Humboldt Bay stretches up the sloughs and creeks that edge Arcata and the Arcata Marsh in the north to the Humboldt Bay National Wildlife Refuge at Loleta, in the south. The second largest bay in California, it serves not only the local maritime and fishing industry (commercial and recreational), and an aquaculture industry that provides the best Kumamoto oysters in the United States, it is also a seasonal home to more than one hundred thousand migratory birds as they travel the Pacific flyway, many resting up and foraging on the Eel grass that is still abundant in the bay.
In the center of the Bay is Woodley Island which has a full-service marina that provides slips for commercial and recreational vessels, and guest docking facilities. Here you can watch the fishing boats come and go, and when the season is open, purchase fresh fish or crab right off the boat. Much of the island is made up of protected habitat. Bird watchers come to catch glimpses of godwits, pelicans, grebes, loons and egrets. Woodley Island is also the relocated home of the Table Bluff Lighthouse, which was moved to the island in 1987.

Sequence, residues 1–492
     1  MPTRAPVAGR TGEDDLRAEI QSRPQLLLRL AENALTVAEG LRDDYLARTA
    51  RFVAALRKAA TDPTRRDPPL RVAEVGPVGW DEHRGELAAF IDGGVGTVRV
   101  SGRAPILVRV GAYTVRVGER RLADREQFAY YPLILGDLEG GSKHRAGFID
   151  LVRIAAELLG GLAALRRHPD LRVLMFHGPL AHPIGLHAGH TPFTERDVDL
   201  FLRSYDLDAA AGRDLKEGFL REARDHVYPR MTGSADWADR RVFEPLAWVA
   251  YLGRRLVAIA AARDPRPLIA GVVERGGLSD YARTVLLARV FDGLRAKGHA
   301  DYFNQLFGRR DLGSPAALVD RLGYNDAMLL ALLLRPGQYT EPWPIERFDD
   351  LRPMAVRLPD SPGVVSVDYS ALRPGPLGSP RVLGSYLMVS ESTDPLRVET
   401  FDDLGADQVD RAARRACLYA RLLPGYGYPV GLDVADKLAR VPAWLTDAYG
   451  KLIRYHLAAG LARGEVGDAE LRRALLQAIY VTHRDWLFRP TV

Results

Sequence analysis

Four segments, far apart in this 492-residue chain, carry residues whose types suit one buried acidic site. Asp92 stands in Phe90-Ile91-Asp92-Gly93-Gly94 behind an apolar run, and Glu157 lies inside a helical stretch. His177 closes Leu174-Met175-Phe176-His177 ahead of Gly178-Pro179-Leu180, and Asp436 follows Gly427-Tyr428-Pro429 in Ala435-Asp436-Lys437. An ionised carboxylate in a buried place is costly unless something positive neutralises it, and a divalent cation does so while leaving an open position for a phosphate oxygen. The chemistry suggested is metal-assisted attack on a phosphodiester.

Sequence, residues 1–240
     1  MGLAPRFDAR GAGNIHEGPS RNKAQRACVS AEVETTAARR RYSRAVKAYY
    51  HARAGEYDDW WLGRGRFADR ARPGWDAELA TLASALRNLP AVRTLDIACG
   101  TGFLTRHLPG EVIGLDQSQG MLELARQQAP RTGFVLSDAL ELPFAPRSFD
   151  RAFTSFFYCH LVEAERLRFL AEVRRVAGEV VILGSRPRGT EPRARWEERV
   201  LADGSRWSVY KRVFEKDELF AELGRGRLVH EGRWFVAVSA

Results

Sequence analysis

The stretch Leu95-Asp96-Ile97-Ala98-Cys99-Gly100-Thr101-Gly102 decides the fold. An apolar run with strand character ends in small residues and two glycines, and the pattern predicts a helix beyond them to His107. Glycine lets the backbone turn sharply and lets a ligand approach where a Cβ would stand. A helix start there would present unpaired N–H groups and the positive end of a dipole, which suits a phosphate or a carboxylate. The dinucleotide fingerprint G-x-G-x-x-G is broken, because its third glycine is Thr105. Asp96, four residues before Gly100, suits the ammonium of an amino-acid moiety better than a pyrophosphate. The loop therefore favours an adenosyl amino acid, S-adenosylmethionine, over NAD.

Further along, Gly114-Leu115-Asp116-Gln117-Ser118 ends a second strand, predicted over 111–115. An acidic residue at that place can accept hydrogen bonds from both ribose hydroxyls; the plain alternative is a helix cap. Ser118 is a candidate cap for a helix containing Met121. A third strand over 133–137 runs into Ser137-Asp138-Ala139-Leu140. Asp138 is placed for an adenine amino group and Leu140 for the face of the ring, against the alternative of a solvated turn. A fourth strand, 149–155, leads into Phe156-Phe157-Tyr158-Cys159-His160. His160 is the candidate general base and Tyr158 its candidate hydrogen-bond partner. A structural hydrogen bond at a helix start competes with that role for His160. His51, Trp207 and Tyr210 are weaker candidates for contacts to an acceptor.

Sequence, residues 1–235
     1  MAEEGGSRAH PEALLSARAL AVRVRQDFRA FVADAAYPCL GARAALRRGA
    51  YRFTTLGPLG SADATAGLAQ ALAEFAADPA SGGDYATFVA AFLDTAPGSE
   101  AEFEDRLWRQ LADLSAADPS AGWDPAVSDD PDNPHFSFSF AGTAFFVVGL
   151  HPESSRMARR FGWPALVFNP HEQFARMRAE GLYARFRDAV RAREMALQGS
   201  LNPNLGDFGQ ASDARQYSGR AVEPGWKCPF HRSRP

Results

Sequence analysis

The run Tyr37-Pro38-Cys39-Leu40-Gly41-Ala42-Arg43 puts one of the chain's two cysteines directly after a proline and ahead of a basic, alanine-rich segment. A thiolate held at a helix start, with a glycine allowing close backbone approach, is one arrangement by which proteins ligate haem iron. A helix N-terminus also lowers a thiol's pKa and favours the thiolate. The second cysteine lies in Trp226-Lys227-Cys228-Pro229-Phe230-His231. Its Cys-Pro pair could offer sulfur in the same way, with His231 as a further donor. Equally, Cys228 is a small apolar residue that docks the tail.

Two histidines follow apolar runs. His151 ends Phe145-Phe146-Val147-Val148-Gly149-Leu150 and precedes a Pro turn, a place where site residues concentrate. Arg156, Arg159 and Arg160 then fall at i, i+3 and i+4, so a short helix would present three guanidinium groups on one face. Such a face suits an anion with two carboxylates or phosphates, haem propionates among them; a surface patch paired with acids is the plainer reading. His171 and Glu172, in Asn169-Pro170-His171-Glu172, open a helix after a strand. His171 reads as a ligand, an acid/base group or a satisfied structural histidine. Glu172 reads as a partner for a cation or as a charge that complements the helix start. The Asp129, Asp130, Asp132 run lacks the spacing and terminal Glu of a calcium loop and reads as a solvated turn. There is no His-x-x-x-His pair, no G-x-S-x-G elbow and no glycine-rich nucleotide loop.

How we celebrate the bay: In the spring migratory routes are celebrated during Godwit Days at the Arcata Marsh and the Cackling Geese Fly Off at the wildlife refuge in Loleta. Summer brings out the oyster gourmet in all of us at the famous Oyster Festival in Arcata. The Fall Maritime Festival & Coast Guard Days held on Woodley Island honors our Coast Guard and the maritime industry. Paddlefest happens on the same weekend – two full days of people powered watersports.
Some bay facts: - Virtually invisible from sea, the bay was undiscovered by European explorers for centuries. - The Bay's four major watersheds, mostly forested, drain approximately 250 square miles. - Humboldt Bay and its tidal sloughs are open to fishing year-round. - Humboldt Bay is the only deep water bay between San Francisco, California and Coos Bay, Oregon. - After being forgotten for 44 years, Humboldt Bay was rediscovered in 1849 by Dr. Josiah Gregg & party and named after Alexander von Humboldt -- who himself never visited it.
For more history on the bay, follow this link to an excellent article by local Barry Evans in the North Coast Journal illustrating how tides effect the bay.